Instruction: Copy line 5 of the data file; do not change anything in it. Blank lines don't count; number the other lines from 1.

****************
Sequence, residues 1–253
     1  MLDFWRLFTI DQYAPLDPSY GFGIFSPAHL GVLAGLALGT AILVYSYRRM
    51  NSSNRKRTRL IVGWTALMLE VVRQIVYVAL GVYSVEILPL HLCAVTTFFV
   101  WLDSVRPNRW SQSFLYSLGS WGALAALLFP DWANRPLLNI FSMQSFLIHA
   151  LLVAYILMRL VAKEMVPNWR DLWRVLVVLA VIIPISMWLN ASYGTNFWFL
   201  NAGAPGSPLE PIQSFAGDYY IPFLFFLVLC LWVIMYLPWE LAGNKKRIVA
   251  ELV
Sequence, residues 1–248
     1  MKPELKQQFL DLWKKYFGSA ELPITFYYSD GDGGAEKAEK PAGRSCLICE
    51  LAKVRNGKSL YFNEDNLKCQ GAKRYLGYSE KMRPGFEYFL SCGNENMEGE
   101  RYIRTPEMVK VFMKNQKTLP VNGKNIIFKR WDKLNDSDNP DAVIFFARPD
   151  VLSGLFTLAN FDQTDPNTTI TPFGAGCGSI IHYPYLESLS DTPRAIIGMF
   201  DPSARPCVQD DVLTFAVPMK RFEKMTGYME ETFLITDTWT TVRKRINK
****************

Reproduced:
   151  LLVAYILMRL VAKEMVPNWR DLWRVLVVLA VIIPISMWLN ASYGTNFWFL